To make the sentence more emphatic one can use "would + an infinitive" after an expression of wish, but only if the subjects in both clauses are different and if the

wish refers to the present or to the future. I I I wish wished shall wish he would (not) do it.

Note 1: When the verb in the object clause is affirmative in English it is negative in Russian and vice versa. I wish I had told him the truth. - , . I wish I had not told him the truth. - , . 4) in subordinate clauses of unreal comparison introduced by the conjunctions "as if, "as though" the Present Subjunctive or the Past Subjunctive may be used. The use of tenses is relative in this case: a) If the action of the subordinate clause is simultaneous with the action of the principal clause the Present Subjunctive is used in the subordinate clause: The house is so quiet as if there were nobody there. - , . The house was so quiet as if there were nobody there. - , . Her eyes are (were) sparkling as though she were laughing at us. - (), () . b) If the action of the subordinate clause precedes the action of the principal clause the Past Subjunctive is used in the subordinate clause: Our life goes on as if nothing had happened. - , . Our life went on as if nothing had happened. - , . Our life will go on as if nothing had happened. - , . She is breathing deep as if (as though) she had been running. , . She was breathing deep as if (as though) she had been running. - , . c) If the action of the subordinate clause follows the action of the principal clause "would + an infinitive" is used: He moved towards me as though he would strike me. - , . Note 1: Clauses introduced by "as if'", "as though" are treated as predicative

clauses when they follow the verbs "to look", "to feel", "to sound", "to seem", "to be": She looks as if she were ill. She looks as if she had been ill for a long time. She looked as if she would cry. He felt as if he didnt know her. It will be as if nothing had happened. 5) in attributive clauses after the phrases "It is time ...", "It is high time ..." only the Present Subjunctive is used: It is/was time smb did smth. It is time we had lunch. It was time we bad lunch. The Use of the Conditional Mood The Conditional mood is used: 1) in the principal clause of a complex sentence with a subordinate clause of unreal condition or concession. If I were you I should never do this. Even if he had been there he wouldn't have changed anything. 2) in compound sentences (mostly with the conjunctions "otherwise'', "or", "but", "or else"): I am very busy, otherwise I should go with you. The boy would study well, but he is often ill. 3) in simple sentences with implied condition: I should like to speak to vou. (If I got a chance.) 4) in simple sentences with the expression "but for". But for the moon it would be quite dark now. The Old Present Subjunctive The Old Present Subjunctive has only one form which is a homonym of the infinitive. The main meaning of the Old Present Subjunctive is to express a problematic action not as a real fact but as a wish, supposition, smth desirable, but not contrary to reality. The use of the Old Present Subjunctive is limited. It can be found in the following cases: 1) in a few set expressions rendering wish or concession: Wish I. Success attend you! - ! 2. God bless you! - ! 3. God save the king! - , !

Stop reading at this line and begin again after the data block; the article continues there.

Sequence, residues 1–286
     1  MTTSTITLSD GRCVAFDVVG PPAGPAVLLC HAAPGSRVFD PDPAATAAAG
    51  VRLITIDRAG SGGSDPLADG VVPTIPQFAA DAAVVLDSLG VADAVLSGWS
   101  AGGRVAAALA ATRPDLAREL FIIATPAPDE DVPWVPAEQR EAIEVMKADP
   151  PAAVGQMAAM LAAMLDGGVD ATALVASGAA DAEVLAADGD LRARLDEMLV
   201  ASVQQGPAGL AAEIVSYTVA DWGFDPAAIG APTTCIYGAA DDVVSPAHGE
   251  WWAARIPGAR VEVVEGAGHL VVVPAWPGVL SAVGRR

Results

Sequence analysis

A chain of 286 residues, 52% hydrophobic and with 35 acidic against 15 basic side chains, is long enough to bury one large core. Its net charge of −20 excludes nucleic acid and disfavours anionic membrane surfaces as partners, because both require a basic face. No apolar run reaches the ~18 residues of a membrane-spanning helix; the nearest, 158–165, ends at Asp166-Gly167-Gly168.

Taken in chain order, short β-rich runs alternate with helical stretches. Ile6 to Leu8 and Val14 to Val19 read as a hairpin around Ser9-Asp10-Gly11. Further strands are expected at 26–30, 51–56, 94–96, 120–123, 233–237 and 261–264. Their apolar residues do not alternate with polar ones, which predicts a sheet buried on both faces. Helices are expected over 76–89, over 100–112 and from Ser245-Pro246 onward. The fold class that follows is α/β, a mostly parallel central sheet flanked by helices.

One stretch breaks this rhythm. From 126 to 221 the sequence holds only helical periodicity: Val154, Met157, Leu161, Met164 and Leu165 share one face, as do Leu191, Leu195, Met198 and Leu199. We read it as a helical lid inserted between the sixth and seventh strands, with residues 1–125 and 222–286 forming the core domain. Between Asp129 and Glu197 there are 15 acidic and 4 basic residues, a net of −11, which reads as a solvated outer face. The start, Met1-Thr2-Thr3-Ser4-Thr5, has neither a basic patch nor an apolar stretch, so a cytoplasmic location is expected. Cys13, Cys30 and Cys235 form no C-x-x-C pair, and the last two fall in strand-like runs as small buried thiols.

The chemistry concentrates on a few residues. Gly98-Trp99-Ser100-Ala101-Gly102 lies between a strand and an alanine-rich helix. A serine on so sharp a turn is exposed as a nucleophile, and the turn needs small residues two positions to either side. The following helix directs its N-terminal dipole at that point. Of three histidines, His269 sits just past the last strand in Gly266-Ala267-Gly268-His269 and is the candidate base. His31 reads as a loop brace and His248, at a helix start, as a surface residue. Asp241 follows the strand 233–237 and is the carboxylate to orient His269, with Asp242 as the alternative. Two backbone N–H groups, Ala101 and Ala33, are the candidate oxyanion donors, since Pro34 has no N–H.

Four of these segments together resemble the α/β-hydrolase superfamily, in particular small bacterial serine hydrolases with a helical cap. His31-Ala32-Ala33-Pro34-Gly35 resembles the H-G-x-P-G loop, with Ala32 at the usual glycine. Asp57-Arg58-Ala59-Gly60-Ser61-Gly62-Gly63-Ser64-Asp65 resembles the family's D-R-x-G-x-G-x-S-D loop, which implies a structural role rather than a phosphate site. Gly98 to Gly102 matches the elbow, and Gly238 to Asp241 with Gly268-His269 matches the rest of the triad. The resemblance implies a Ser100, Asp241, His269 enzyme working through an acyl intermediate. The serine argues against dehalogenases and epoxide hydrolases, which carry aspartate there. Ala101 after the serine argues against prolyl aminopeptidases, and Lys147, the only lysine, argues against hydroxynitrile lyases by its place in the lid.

4. Be you happy! - ! 5. Long live our friendship! - ! 6. Damn you! Curse you! - ! Concession 1. Come what may come. , . 2. Be it as it is. - , . 3. So be it. - .

2) It is a bookish style. It may be found in official and scientific articles and in poetry (after words expressing necessity, wish, demands such as "to insist", "to demand", "to require"): The doctor insisted that the boy remain in bed. I demand he do the job. The regulation is that manuscripts be written on one side only.